The UK’s roadmap to becoming net-zero | Is Boris Johnson’s plan going to save us?
The UK have unveiled their ‘Net Zero Strategy’ and Boris Johnson is convinced this is plan will end the UK’s contribution to global climate change by 2050.
A huge light has been shone on the opportunities that this strategy will bring about, including the unlocking of 440,000 jobs & over £90 billion in funding.
Johnson said “by moving first and taking bold action” the UK will set the example “for other countries to build back greener too as we lead the charge towards global net-zero”.
“We will build a defining competitive edge in electric vehicles, offshore wind, carbon capture technology and more, whilst supporting people and businesses along the way.”
Here is a breakdown of the seven main steps to change:
Sustainable fuel for aeroplanes:
Sustainable aviation fuels (SAF) are made from sustainable materials such as everyday household waste, flue gases from industry, carbon captured from the atmosphere and excess electricity.
They produce more than 70% fewer carbon emissions than traditional jet fuel on a lifecycle basis.
£500 million for green innovation projects:
This will support the “most pioneering ideas and technologies to decarbonise our homes, industries, land and power”, including the development of carbon capture technology and new ways to utilise hydrogen power, which produces no carbon dioxide pollution.
Acceleration of carbon capture and storage:
Carbon capture and storage is the idea of hoovering up emissions produced by power generation or industrial activity, transporting it via a pipeline for example, and storing it deep underground.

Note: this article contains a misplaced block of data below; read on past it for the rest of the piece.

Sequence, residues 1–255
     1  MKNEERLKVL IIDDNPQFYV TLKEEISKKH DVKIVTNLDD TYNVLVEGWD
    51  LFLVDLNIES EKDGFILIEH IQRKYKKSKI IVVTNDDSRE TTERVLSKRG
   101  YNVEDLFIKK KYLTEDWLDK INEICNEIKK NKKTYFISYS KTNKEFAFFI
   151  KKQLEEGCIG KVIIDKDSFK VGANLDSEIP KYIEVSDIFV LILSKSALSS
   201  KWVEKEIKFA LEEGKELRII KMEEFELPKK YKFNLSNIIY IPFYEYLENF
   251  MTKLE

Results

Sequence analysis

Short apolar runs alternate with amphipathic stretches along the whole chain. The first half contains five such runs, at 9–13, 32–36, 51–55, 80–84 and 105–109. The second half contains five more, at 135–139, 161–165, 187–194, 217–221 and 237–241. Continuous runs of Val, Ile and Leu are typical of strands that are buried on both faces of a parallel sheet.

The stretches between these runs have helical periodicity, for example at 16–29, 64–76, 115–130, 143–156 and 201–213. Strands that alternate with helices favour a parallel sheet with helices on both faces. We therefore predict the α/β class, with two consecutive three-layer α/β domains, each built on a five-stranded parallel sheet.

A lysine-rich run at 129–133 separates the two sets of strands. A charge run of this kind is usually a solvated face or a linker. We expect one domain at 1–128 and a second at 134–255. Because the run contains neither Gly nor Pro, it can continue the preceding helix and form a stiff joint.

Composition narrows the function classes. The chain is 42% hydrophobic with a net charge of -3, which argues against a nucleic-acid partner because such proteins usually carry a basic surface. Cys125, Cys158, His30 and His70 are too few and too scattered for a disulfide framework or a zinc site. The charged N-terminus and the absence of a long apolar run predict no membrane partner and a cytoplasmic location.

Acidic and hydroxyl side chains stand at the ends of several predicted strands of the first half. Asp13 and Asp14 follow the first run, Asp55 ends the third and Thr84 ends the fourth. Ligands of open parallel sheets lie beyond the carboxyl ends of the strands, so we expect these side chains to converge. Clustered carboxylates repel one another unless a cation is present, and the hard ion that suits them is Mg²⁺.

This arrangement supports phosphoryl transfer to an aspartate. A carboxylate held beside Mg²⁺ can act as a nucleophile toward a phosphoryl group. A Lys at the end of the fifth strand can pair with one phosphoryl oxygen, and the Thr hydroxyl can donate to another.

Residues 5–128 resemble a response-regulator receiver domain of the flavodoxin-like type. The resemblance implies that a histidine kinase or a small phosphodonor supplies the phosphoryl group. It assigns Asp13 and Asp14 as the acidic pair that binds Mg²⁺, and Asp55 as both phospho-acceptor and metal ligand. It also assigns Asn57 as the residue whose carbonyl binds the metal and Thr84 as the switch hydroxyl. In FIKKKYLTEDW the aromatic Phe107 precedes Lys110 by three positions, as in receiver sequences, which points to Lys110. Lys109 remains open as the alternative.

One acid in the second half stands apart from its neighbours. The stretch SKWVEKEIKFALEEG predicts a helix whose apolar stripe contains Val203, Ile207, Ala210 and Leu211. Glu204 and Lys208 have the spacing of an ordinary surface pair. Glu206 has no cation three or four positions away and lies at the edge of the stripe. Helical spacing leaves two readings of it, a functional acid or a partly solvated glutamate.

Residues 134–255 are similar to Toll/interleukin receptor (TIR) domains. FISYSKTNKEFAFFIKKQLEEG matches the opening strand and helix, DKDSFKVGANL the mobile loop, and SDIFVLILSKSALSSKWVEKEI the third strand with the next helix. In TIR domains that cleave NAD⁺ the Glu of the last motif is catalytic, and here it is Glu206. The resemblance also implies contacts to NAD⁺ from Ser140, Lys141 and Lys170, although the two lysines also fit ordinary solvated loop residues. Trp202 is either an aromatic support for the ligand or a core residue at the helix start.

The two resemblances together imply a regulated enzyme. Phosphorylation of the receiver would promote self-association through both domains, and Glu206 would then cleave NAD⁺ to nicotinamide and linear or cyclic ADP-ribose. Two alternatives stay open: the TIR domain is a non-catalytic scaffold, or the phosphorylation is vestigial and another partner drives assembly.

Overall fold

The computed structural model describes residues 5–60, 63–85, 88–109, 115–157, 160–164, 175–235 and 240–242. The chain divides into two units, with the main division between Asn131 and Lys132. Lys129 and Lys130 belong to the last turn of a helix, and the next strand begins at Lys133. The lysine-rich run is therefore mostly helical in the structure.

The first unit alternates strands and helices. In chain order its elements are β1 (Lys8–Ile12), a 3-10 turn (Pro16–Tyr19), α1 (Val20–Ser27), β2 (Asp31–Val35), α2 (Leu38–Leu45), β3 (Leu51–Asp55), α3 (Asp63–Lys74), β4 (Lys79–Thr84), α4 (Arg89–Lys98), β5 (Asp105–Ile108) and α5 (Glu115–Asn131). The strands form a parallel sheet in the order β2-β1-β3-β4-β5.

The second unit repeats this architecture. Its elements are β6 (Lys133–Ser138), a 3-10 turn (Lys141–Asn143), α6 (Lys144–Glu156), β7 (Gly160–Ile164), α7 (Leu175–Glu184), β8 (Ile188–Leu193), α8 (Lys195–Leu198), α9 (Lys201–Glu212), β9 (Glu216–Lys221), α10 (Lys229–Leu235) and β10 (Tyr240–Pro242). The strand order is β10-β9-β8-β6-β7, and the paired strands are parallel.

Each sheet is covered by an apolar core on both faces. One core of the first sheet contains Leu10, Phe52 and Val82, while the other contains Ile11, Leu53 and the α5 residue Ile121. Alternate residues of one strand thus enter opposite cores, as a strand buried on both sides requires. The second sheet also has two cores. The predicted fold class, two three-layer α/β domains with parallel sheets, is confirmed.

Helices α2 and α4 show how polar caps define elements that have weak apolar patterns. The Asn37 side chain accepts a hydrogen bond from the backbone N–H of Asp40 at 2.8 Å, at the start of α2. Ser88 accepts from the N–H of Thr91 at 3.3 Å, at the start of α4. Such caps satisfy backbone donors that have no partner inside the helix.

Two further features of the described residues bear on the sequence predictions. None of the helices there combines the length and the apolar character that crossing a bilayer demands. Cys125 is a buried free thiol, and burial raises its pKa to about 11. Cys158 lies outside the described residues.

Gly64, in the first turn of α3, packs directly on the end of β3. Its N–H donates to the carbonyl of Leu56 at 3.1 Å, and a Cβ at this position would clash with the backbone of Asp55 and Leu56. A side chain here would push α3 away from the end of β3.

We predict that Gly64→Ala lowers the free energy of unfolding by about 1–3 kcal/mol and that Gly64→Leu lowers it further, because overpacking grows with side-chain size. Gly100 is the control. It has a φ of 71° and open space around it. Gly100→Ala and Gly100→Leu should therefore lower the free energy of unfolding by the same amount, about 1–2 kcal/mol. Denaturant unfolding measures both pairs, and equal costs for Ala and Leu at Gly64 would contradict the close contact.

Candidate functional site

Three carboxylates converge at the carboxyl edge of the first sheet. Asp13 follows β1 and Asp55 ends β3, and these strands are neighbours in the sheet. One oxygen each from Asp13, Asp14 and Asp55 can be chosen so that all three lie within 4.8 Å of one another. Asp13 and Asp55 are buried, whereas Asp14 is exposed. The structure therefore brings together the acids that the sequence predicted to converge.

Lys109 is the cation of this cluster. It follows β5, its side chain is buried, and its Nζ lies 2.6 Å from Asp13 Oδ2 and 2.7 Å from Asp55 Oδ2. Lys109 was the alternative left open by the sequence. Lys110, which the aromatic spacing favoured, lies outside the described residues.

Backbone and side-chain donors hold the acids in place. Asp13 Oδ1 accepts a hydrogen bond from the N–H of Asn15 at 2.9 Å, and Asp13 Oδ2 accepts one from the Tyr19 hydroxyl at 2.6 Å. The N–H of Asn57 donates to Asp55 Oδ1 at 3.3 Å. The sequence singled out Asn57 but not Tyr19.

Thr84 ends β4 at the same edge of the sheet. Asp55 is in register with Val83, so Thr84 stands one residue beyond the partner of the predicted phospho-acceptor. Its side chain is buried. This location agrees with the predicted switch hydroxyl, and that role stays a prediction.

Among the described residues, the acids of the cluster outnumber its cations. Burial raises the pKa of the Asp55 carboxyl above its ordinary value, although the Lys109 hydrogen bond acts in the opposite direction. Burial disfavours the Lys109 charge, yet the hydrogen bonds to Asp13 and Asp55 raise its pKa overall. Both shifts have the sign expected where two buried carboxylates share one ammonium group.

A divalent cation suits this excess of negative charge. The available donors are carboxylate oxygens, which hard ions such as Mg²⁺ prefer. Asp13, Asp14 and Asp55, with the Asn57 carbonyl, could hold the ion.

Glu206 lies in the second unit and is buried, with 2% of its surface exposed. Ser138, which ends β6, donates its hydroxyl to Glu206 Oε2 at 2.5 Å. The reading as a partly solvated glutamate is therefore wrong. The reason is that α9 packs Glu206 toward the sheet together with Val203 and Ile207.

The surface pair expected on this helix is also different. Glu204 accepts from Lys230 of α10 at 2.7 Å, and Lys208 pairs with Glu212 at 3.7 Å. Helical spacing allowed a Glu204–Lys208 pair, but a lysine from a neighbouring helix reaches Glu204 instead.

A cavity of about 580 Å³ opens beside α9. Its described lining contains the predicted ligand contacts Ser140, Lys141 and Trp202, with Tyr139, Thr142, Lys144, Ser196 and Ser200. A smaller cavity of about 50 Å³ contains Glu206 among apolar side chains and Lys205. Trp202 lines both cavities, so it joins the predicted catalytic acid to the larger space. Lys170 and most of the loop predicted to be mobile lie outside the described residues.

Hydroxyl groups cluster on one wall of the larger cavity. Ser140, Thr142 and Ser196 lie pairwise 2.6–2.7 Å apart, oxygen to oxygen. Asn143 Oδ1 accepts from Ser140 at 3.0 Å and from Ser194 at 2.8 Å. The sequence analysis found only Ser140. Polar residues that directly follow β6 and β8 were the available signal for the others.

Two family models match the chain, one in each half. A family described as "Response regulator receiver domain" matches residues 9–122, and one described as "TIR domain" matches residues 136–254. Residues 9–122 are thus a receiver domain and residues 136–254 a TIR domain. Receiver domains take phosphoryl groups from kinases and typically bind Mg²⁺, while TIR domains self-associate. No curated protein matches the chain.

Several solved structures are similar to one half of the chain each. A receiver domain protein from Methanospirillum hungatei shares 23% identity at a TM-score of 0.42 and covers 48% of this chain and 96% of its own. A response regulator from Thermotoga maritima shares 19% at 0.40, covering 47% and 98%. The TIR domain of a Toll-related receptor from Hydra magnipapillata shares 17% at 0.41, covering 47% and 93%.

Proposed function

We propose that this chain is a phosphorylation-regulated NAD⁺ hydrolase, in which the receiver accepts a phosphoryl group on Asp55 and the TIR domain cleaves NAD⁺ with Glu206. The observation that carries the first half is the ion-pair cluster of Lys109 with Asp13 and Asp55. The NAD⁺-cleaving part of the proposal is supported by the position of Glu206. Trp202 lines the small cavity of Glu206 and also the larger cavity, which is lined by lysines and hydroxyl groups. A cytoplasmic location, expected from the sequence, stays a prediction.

The process involves CO2 being separated from other gases produced in industrial processes, such as those at coal and natural-gas-fired power generation plants or steel or cement factories.
The government wants people to stop driving vehicles that use petrol or diesel and replace them with electric cars that emit zero emissions.
Boiler upgrade scheme:
A £450 million investment will give households in England and Wales grants of £5,000 to swap their gas boilers for low-carbon electric heat pumps for heating and hot water.
An air source heat pump is installed outside your house. It uses electricity to take energy from the outside air and converts that into heat. Air source heat pumps extract heat from the environment even in cold weather.
Boosting nature’s capacity to reclaim more carbon:
The government plans to treble woodland creation in England in order to create at least 30,000 hectares of woodland per year across the UK by the end of this parliament.
It also hopes to restore approximately 280,000 hectares of peat in England by 2050.
Development of nuclear projects:
The government says there remains a number of “optimal sites” for new “cutting edge new nuclear power stations”, including the Wylfa site in Anglesey.
Are we convinced? Is this the roadmap needed to get us to net-zero?